Lee’s PURE Act follows the Wyoming mold, says John Ruple, a professor at the University of Utah’s S.J. Quinney College of Law. “It’s a reaction to the president-declared monuments,” he says. “This is a question of their voice being drowned out by distant federal bureaucrats. That’s the narrative at least.”

At 63.1 percent, the federal government controls more land in Utah than in Alaska or Wyoming (61.3 and 48.4, respectively). Utah congress members, like the Trump administration, have made it pretty clear that they see the value of public land in what can be extracted from it. So Ruple says Lee’s attempt to stop monuments in Utah is “making sure that lands don’t get taken off the table for mining and gas.”

Lee’s office disagrees with that take. Carroll, Lee’s communications director, says the bill is about putting Utah decisions in the hands of Utahns. “What has to be stressed is we’re not talking about undoing Zion or undoing the national parks. We’re talking about a bunch of Bureau of Land Management land that is not visited by that many people,” he says. (Nearly 1 million people visited Grand Staircase-Escalante in 2014. By way of comparison, Utah’s famous Arches National Park saw 1.6 million visitors that year.)

Some of Lee’s top campaign donors were oil and gas companies, like Halliburton, and he is also representing anti–public lands Tea Party interests. Lee was given a check for more than $111,000 during his campaign from Kirkham Motorsports—whose owner said during his own 2012 run for Utah governor that he was in complete support of opening up public lands to the extraction industry.

Lee, too, is a land-transfer advocate. “When it comes to federal parks that already exist, we don’t think those need to be transferred to state control,” Carroll says. “But when it comes to the other millions of acres that haven’t been designated yet, that are not forests or not monuments, we do think that should be transferred to local control.”

And despite numbers from the Outdoor Industry Association that, compared with the extraction industry, three times as many Utah jobs depend on the outdoor recreation opportunities provided by Utah public lands, Lee writes in a statement on his website, “Rural Americans want what all Americans want: a dignified decent-paying job, a family to love and support, and a healthy community whose future is determined by local residents—not their self-styled betters thousands of miles away.”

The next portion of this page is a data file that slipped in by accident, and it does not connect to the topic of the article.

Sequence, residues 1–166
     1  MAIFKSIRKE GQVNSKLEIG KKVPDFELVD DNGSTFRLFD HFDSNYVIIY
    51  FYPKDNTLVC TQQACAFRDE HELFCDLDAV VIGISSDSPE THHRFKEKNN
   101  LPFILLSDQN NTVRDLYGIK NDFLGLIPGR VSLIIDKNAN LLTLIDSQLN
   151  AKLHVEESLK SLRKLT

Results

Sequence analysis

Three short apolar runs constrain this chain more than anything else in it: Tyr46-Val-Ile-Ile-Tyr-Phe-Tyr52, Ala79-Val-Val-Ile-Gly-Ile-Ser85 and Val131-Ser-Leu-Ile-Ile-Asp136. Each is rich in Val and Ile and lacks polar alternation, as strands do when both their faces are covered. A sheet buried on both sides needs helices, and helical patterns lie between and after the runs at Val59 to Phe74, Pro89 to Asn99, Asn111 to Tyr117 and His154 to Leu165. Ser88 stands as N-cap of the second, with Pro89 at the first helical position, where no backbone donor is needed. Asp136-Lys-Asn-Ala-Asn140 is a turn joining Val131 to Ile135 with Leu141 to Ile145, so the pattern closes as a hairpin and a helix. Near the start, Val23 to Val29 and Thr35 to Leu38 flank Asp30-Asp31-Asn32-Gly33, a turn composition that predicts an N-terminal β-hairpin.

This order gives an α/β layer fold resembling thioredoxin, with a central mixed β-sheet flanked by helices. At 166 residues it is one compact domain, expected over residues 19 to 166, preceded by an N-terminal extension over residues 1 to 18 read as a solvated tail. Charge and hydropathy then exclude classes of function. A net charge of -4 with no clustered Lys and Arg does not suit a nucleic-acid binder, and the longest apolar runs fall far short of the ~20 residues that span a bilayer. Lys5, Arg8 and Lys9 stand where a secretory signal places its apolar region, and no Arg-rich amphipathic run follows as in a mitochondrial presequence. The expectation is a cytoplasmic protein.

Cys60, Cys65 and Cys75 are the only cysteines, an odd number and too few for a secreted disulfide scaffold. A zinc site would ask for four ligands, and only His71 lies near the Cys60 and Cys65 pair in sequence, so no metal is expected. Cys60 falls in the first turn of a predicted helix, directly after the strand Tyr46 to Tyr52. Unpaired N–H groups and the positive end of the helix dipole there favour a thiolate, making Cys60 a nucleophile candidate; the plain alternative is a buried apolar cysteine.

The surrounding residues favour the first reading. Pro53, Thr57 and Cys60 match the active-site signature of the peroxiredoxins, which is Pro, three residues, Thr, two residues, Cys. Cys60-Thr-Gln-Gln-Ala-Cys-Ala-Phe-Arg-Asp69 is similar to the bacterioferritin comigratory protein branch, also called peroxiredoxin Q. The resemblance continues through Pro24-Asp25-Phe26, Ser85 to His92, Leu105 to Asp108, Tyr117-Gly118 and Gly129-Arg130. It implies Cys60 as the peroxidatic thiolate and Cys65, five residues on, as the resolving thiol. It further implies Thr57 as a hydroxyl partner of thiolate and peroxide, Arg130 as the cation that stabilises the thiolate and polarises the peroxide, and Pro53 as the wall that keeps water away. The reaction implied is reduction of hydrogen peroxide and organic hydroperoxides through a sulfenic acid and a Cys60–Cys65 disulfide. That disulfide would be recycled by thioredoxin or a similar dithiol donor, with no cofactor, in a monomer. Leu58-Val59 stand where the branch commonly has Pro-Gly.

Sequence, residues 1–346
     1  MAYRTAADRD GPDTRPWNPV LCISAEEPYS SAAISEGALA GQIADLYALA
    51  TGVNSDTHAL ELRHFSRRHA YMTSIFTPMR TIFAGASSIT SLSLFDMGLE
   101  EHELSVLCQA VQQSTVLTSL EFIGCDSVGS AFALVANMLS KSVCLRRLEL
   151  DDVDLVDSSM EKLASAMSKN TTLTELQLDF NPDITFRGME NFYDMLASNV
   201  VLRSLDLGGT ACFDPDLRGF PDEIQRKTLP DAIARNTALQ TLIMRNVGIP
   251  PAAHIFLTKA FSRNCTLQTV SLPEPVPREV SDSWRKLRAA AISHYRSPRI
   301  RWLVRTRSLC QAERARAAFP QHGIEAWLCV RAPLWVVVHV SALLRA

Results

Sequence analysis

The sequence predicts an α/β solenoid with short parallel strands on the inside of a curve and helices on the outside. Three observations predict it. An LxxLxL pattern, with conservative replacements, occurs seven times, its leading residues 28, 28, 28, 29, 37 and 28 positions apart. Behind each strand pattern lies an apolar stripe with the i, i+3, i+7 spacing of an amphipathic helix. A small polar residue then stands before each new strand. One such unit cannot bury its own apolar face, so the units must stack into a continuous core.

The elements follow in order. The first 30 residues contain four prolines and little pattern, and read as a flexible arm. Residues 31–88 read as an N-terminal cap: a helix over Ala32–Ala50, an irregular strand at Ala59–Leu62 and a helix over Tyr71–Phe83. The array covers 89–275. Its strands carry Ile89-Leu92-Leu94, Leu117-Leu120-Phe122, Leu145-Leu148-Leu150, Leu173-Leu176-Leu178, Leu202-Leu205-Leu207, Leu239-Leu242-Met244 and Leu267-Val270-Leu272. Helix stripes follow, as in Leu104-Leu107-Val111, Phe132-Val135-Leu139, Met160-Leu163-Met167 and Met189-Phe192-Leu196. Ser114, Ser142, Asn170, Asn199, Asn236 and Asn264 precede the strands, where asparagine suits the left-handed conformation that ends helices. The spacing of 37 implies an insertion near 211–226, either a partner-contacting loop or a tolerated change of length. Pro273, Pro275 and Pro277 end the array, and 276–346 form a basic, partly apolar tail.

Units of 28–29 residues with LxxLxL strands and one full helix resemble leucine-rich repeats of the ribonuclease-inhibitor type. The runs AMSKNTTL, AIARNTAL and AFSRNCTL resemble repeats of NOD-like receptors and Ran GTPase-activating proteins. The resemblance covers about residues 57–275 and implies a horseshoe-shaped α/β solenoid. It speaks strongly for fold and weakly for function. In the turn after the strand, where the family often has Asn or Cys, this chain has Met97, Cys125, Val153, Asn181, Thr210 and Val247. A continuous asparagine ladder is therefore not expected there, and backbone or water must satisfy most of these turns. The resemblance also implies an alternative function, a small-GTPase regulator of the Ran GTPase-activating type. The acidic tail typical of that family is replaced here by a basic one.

“Utah should embrace tourism,” Carroll tells Outside. “But tourism can’t be the only focus.”

If there are plenty of jobs in Utah because of monuments, then maybe it’s the last part of Lee’s statement that tips his hand—that this is about Utahns deciding what’s good for Utah. When I ask Carroll, he says that’s exactly right.

“You can have lots of arguments [if monuments are] good for the state of Utah or bad,” says Klass, the law professor. “It has certainly helped the tourism industry but is less good for extractive industries. So who gets to decide what’s good for the state of Utah?”

Trump has shown he’s willing and even an advocate for public lands rollbacks. But Ruple thinks the president might hedge at signing the PURE Act, because while it does fit into his M.O. for putting profits over conservation, it cuts sharply against his love of his own authority. “I think that’s an interesting question,” Ruple says. “Would a president sign a bill that limits his own power?”

Inside Ryan Zinke’s Department of the Interior

2 Jan

Kate Kelly was cautiously optimistic when President Donald Trump nominated Ryan Zinke to head the Department of the Interior in March. The former DOI communications director under secretary Sally Jewell told me that many interior staffers were excited about this cowboy from Montana who spoke of native sovereignty and said he opposed selling public lands.

Kelly’s optimism faded as Zinke’s team transitioned into office. “It’s very clear there’s a huge gap between his rhetoric and reality,” she says. (Kelly, as a political appointee of Barack Obama, tendered her resignation under the Trump Administration, and now works as the public lands director for the Center for American Progress). “[Zinke has] definitely put a lot of work into the facade of being a Westerner, but his actions appear to betray these Western roots.”